Monday, July 11, 2011

Roving Body Parts

Since my body parts are traveling today, and I recently read a blog with a very black and white view on how to deal with body parts, I thought I'd reprise this 2009 blog post. I don't have trouble with figures of speech, and if I'm reading that a character 'flew down the block to John's house' I don't see her mid-air. If someone writes "a lump of ice settled in her belly" I'm not seeing actual ice.

Do the eyes have it?

How do you react when you read things like this:

Their eyes met from across the room.

His eyes raked her body from head to toe.

There seem to be two schools of thought on this one. I'm on the side that doesn't mind. I understand that 'eye' can be used as a noun or a verb. "He eyed her" is acceptable. "He gave her the eye" is an idiom I have no trouble with. I don't see him extracting an eyeball and handing it to her. So if a characters eyes move, I don't get visions of eyeballs floating free.

Which side are you on? Would the following pull you out of the story?

Her blue eyes, enlarged by her wire-rimmed glasses, rambled from Colleen's head to her toes.

"What's wrong with my face?" Her fingers flew to her cheeks, and she pulled them away, studying them.

Yet there are those for whom those would be book-tossing offenses. Me, I see the eye movement in the first example, but the eyes remain firmly set in their sockets. In the second, my brain assumes the fingers are still attached to the hand, and I don't think about body parts floating in space.

If we took everything we read literally, a lot of the richness of the language would be lost. If his eyes are pools of molten chocolate, do we really think that he's got Godiva eyeballs? Or just deep brown eyes?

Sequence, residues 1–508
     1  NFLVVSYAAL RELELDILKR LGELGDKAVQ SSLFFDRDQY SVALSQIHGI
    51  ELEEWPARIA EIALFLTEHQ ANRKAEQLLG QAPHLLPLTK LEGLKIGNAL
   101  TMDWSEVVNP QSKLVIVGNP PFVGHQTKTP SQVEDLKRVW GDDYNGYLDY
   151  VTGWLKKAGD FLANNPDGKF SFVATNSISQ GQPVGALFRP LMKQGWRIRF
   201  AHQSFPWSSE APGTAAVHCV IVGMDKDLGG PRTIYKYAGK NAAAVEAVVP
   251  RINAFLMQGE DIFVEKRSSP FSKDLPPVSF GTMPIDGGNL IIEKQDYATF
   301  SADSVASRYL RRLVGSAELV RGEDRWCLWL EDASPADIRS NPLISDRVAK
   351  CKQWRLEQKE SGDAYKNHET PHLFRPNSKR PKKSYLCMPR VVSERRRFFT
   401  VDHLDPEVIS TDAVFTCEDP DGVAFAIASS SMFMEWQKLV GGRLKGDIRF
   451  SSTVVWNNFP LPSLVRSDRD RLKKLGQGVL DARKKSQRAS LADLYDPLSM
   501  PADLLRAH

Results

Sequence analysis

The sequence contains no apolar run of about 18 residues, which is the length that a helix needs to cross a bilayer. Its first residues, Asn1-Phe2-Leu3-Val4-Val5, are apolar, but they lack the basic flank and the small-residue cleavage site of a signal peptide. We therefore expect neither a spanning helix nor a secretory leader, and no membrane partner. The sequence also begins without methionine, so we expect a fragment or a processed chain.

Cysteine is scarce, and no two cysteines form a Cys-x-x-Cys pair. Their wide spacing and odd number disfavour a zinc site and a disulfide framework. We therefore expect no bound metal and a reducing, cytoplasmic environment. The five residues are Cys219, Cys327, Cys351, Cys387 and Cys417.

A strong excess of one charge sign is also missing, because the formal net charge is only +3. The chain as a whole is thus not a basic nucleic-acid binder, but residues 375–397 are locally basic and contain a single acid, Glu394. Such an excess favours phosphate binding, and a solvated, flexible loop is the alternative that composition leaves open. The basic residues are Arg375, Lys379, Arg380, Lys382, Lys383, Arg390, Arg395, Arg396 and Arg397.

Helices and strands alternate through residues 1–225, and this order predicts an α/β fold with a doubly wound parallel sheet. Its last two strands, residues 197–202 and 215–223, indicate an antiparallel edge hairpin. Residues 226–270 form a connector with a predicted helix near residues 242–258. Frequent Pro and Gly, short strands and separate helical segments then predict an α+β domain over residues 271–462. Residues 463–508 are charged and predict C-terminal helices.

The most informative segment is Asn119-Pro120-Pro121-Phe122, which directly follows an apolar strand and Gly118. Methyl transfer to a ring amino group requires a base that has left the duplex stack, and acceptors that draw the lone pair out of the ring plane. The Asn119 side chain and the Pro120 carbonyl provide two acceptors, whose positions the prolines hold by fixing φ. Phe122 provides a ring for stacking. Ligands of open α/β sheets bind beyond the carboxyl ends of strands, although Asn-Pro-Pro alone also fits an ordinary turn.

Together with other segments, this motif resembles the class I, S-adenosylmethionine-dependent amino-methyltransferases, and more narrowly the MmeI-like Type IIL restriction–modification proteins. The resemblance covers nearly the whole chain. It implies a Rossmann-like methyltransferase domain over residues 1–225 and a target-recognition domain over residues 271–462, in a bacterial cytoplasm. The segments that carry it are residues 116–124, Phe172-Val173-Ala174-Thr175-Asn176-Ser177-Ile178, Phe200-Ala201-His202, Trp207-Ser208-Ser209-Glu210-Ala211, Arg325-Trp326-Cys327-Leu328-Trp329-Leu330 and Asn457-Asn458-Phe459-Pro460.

(That's a metaphor, I think – if his eyes look like pools of molten chocolate, that would be a simile, right?) I've never been good at remembering terminology. Metaphors, similes, idioms, hyperbole—they're things I use, but I don't worry about what they're called when I'm writing them.

At any rate, my editor said it's a house 'rule' to avoid using floating body parts. Apparently they want to avoid having books thrown across the room by readers in the 'I see eyeballs' group. I'm guessing they figure that those who don't mind won't notice. For me, however, substituting 'gaze' for 'eyes' in those situations gets tedious and repetitive. Which means I don't feel comfortable with a simple swap, and end up trying to rewrite the entire passage.

Chime in – what's your preference? Which group are you in?

Tomorrow, my guest is Cricket McRae who's talking about the Jessica Fletcher Syndrome. And I hope all my body parts will be home again.


Elizabeth Spann Craig/Riley Adams said...

As long as the eyes stay put in the face, I have no problem with it! Floating around...bleh.

Jemi Fraser said...

It doesn't bother me either for the most part - although sometimes the phrasing can cause me to giggle. :)

Hart Johnson said...